In this text I defend the idea that art has a function and that the function of art is political.
I start by asking myself what is art? The various theories that I have found have made me
reach the conclusion that it is pointless to try to define art. It does not matter what art is;
we can decide that. What is important is the value art has for us. Its value depends on how
it is used.
The idea of art for art’s sake and that of artistic production as the reflection of the internal
vision of the artist is relatively new. The function of art since prehistory has predominantly
been that of advertising. Art has been and is consistently used by those
in power as a tool for political propaganda.
With the arrival of photography, the function of art changes. The power, which nowadays
is in the hands of big corporations and states, still uses visual production as a tool for
Yet, the main visual output of our culture today, even though it
is the art of the period, no longer comes from the arts world, but from the mass media,
especially advertising. Art loses its main function but continues to serve those in power in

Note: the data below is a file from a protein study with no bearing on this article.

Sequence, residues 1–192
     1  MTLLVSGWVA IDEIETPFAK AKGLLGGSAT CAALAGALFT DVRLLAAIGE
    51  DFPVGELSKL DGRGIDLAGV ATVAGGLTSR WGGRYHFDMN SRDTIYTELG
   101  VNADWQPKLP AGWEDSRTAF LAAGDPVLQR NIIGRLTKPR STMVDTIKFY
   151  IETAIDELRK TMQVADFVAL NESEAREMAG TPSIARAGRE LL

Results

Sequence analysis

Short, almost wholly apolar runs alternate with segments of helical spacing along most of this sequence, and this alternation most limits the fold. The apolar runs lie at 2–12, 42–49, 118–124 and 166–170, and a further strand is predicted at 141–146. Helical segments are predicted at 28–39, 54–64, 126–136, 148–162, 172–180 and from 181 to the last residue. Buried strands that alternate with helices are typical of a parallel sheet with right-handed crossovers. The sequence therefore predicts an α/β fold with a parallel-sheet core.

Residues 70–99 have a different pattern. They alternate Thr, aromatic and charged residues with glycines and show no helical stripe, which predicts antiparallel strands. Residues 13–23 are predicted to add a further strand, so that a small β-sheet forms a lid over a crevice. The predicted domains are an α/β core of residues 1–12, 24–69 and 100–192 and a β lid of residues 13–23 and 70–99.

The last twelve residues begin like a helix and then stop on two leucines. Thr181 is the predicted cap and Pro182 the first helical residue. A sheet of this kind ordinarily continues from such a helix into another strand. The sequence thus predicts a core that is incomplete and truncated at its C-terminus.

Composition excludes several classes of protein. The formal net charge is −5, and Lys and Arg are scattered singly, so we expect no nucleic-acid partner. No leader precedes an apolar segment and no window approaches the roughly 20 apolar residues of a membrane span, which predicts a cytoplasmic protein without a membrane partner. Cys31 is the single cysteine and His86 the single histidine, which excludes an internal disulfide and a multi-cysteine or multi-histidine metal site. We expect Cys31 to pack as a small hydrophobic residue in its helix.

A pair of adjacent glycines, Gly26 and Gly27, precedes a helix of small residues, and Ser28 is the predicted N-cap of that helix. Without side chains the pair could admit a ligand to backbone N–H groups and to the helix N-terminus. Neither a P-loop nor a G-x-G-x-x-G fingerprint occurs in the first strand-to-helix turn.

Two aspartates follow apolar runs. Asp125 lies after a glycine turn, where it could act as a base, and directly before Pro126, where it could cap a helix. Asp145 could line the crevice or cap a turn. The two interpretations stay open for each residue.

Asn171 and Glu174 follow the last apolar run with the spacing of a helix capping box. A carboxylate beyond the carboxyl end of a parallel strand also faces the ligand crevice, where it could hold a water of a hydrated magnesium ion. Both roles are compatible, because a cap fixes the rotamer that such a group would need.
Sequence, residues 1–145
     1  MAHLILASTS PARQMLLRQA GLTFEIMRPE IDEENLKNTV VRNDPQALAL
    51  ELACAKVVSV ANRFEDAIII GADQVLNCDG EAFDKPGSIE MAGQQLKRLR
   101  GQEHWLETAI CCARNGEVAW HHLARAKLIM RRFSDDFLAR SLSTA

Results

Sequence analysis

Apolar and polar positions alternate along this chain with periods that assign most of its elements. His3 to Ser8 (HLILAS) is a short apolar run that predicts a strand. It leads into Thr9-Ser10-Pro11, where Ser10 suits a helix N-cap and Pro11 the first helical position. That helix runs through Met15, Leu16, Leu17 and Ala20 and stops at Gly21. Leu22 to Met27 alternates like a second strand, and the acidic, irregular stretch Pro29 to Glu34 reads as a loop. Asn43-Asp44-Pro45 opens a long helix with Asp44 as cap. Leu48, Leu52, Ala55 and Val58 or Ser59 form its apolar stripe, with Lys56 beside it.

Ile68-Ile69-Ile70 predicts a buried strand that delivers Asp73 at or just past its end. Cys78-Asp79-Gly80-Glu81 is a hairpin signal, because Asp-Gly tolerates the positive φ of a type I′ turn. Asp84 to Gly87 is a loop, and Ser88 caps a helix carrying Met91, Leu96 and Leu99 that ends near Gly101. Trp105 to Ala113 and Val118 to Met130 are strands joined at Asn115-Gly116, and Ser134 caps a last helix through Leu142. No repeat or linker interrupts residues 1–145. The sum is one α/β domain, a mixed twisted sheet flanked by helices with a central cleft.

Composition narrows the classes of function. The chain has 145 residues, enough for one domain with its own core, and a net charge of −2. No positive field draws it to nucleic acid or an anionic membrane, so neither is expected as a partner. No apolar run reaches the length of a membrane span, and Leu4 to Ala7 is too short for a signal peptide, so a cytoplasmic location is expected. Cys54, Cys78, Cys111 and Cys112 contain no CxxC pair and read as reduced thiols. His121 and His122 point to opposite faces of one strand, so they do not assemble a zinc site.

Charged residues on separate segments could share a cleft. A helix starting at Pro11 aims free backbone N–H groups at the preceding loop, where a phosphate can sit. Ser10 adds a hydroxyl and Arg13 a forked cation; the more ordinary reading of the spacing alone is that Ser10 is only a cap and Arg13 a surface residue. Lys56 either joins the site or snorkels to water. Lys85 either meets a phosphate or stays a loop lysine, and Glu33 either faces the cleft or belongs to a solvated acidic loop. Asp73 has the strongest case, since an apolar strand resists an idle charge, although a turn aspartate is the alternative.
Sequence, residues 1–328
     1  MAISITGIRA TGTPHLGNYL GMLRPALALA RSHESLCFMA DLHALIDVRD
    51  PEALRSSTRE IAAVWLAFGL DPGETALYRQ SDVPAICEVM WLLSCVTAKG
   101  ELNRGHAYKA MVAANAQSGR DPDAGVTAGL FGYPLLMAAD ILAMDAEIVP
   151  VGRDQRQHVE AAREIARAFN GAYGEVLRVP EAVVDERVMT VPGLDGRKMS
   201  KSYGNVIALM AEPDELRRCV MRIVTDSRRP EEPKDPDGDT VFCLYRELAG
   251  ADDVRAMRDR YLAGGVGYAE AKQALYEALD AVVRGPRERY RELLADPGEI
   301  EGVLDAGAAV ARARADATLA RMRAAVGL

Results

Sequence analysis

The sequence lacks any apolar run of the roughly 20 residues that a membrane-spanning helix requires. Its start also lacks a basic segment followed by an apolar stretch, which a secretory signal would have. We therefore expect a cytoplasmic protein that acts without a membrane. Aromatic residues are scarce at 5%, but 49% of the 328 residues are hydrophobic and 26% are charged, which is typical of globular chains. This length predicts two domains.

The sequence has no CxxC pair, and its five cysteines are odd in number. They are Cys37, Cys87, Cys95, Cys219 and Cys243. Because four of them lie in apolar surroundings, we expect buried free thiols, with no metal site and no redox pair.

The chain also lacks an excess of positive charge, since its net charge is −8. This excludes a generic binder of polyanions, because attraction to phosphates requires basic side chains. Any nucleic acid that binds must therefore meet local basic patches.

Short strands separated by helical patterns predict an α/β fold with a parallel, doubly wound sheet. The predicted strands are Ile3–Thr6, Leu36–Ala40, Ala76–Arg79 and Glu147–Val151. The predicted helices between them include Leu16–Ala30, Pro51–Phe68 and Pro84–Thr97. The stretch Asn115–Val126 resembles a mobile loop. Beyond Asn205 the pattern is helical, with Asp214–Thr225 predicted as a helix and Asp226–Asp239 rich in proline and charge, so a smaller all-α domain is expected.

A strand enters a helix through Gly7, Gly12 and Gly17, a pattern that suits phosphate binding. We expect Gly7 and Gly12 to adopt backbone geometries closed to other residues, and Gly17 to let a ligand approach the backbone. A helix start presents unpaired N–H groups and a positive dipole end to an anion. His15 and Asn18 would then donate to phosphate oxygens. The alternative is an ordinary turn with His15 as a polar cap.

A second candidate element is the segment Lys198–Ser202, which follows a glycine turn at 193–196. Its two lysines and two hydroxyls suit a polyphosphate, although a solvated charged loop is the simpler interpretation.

the form of capitalism’s perfect product.
Each system encourages in people the features that it needs to maintain itself and grow.
The maintenance and strengthening of a system of power normally does not happen
for the benefit of the people that compose it.
Despite this, thanks to the technological
advances in communication; today, people have a power of organisation and action that
they have never had before.
The vacuum that art finds itself in is an opportunity for it to redefine itself. Art now has
the opportunity to contribute to the improvement of society as a whole. What we value in
art, its ability to enrich us as people, can now become its aim. It is time for art to commit.
This is the introduction of The art of commitment, my Research Paper for the MA in Fine Art that I did at Central Saint Martins College of Art and Design in London in 2007.
All the articles in The art of commitment: